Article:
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Marshall Islands country profile

Map of Marshall Islands

The Marshall Islands consist of two chains of coral atolls, together with more than 1,000 islets, just north of the Equator.

The atolls are coral deposits on the crater rims of submerged volcanoes.

The islands were occupied by the US for several decades after World War II. They are now a sovereign nation under a Compact of Free Association with the US.

Overview

The compact came into force in 1986 and was renegotiated in 2003. The US controls the security and defence of the islands, which receive millions of dollars in aid every year.

MARK OF NUCLEAR PAST
Concrete dome covers crater made by nuclear blasts
A huge concrete dome over a crater left by nuclear blasts on Runit Island caps off radioactive debris from tests in the 1940s and 1950s

Under the compact, the US pays an annual rent to use the Kwajalein atoll as a base and missile test range.

The legacy of the post-war US occupation is seen particularly starkly on Bikini and Enewetak, which were both used for nuclear weapons testing between 1946 and 1958.

The US paid $150 million in a compensation package for the test victims in the 1980s. But whilst Enewetak has been partly decontaminated, Bikini is still uninhabitable. The Marshall Islands has petitioned for additional compensation.

A major problem for the islands is how to gain some measure of financial independence from the US. Imports dwarf exports, unemployment is high and many islanders live by subsistence farming.

Tourism is one option; unspoiled beaches abound and the islands are an ideal base for scuba diving and sports fishing. The islands also sell fishing rights to other countries, and offer ship registrations under the Marshall Islands flag.

Facts

  • Full name: Republic of the Marshall Islands
  • Population: 54,400 (UN, 2010)
  • Capital: Majuro
  • Area: 181 sq km (70 sq miles)
  • Major language: Marshallese, English
  • Major religion: Christianity
  • Life expectancy: 64 years (men), 67 years (women) (UN)
  • Monetary unit: 1 US dollar = 100 cents
  • Main exports: Chilled and frozen fish, coconut oil, copra, shark fins
  • GNI per capita: US $3,060 (World Bank, 2009)
  • Internet domain: .mh
  • International dialling code: +692

Leaders

President: Jurelang Zedkaia

Traditional chief Jurelang Zedkaia was elected president in October 2009 by a slender 17-15 margin, replacing Litokwa Tomeing who was ousted in a no-confidence vote.

President of Marshall Islands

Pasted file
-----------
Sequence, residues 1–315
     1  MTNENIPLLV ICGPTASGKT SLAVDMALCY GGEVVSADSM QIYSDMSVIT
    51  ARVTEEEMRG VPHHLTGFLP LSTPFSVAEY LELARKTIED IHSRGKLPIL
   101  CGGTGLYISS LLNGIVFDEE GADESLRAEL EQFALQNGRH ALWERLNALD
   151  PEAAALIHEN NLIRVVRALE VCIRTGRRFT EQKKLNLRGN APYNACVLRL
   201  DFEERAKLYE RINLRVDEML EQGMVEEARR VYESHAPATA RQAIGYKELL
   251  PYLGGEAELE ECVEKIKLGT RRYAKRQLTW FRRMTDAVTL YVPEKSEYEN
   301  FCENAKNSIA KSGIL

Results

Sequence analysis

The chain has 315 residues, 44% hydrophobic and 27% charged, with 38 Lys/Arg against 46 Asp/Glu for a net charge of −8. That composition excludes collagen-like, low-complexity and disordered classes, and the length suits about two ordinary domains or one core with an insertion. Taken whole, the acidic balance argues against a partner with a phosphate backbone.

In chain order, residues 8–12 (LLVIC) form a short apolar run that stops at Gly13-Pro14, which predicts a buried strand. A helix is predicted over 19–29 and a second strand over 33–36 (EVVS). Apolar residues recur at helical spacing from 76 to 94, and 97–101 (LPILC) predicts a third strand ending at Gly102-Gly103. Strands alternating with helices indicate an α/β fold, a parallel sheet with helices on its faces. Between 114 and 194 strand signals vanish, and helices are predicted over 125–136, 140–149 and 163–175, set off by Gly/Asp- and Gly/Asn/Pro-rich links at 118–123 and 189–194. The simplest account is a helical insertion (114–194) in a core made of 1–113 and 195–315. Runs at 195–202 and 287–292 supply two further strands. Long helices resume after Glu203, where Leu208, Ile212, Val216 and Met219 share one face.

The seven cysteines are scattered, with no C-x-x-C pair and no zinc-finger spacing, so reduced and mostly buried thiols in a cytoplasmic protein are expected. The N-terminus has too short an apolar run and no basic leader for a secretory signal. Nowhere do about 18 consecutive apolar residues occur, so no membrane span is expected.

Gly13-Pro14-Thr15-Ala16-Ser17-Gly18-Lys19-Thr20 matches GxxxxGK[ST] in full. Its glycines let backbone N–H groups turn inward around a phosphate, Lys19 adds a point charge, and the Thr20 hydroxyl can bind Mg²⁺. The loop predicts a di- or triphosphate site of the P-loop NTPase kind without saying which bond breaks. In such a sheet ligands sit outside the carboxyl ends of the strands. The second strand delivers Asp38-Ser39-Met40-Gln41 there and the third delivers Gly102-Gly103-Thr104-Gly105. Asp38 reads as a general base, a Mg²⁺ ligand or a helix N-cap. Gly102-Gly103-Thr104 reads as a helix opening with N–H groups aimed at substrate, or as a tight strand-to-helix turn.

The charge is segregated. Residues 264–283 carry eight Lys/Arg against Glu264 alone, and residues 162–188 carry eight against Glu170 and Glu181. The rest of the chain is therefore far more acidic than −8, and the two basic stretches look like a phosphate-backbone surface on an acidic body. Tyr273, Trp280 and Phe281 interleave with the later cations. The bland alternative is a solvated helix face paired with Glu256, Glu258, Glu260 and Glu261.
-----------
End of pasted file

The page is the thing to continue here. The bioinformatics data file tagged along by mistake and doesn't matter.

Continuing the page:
President Jurelang Zedkaia

Mr Zedkaia, the parliamentary speaker in the Tomeing government, defeated the only other nominee, former president Kessai Note.

A five-term senator and paramount chief for the capital atoll of Majuro, Mr Zedkaia was speaker during Mr Tomeing's 22 months in office and was a vice speaker in earlier administrations.

Mr Tomeing was the first leader to lose a no-confidence vote in the 30-year history of constitutional government in the former US Trust territory.

The vote followed a power struggle between Mr Tomeing and Mr Note who was vying to return to power after he lost office in the last election.

Media

The government generally respects media freedom. A privately-owned weekly is published in English and Marshallese. A government monthly contains official news but avoids politics.

State-owned and private radios offer diverse views. US forces radio and TV can be received in some areas and US TV is available via cable.

There were 4,820 internet users by June 2011 (Internetworldstats). Access is limited by slow connections and high costs - "the most expensive in the world", says the US State Department (2010), citing the IMF and World Bank.

The press

Television

  • MBC TV - state-run
  • AFN Kwajalein - US military

Radio

  • V7AB - operated by state-run Marshall Islands Broadcasting Company, sole station with national coverage
  • Micronesia Heatwave - commercial
  • V7AA - religious
  • AFN Kwajalein - US military


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SEE ALSO
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25 Dec 08 |  Asia-Pacific
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